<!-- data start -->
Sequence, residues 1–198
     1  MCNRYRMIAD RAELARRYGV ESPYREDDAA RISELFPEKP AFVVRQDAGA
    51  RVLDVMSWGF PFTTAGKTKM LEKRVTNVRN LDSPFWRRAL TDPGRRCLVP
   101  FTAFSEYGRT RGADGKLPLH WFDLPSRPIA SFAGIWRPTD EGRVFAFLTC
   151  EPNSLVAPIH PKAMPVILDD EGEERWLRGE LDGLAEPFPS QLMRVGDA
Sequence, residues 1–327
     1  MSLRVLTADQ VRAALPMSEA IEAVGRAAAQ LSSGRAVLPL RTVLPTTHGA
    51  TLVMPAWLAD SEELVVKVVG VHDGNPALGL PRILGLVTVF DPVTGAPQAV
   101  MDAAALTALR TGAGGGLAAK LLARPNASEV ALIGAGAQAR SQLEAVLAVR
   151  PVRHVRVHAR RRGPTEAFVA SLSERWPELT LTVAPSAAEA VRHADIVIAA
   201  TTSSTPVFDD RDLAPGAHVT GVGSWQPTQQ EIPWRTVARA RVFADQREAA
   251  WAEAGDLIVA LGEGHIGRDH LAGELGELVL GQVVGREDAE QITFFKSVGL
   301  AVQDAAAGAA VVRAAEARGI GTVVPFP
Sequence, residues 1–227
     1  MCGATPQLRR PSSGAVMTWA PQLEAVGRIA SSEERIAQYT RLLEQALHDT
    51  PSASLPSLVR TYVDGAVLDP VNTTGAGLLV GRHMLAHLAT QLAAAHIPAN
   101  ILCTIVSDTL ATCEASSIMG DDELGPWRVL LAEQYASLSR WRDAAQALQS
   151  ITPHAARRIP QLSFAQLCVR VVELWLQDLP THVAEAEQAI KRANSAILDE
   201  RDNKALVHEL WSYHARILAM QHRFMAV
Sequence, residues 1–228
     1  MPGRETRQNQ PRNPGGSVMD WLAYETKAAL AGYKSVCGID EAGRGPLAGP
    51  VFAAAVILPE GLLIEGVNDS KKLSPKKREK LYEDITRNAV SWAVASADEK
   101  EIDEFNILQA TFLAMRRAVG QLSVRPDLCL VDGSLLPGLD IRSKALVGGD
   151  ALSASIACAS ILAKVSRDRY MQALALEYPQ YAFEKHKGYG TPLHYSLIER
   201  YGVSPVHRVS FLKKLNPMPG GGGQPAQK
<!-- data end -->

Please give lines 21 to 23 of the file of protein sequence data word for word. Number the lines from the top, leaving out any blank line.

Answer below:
     1  MPGRETRQNQ PRNPGGSVMD WLAYETKAAL AGYKSVCGID EAGRGPLAGP
    51  VFAAAVILPE GLLIEGVNDS KKLSPKKREK LYEDITRNAV SWAVASADEK
   101  EIDEFNILQA TFLAMRRAVG QLSVRPDLCL VDGSLLPGLD IRSKALVGGD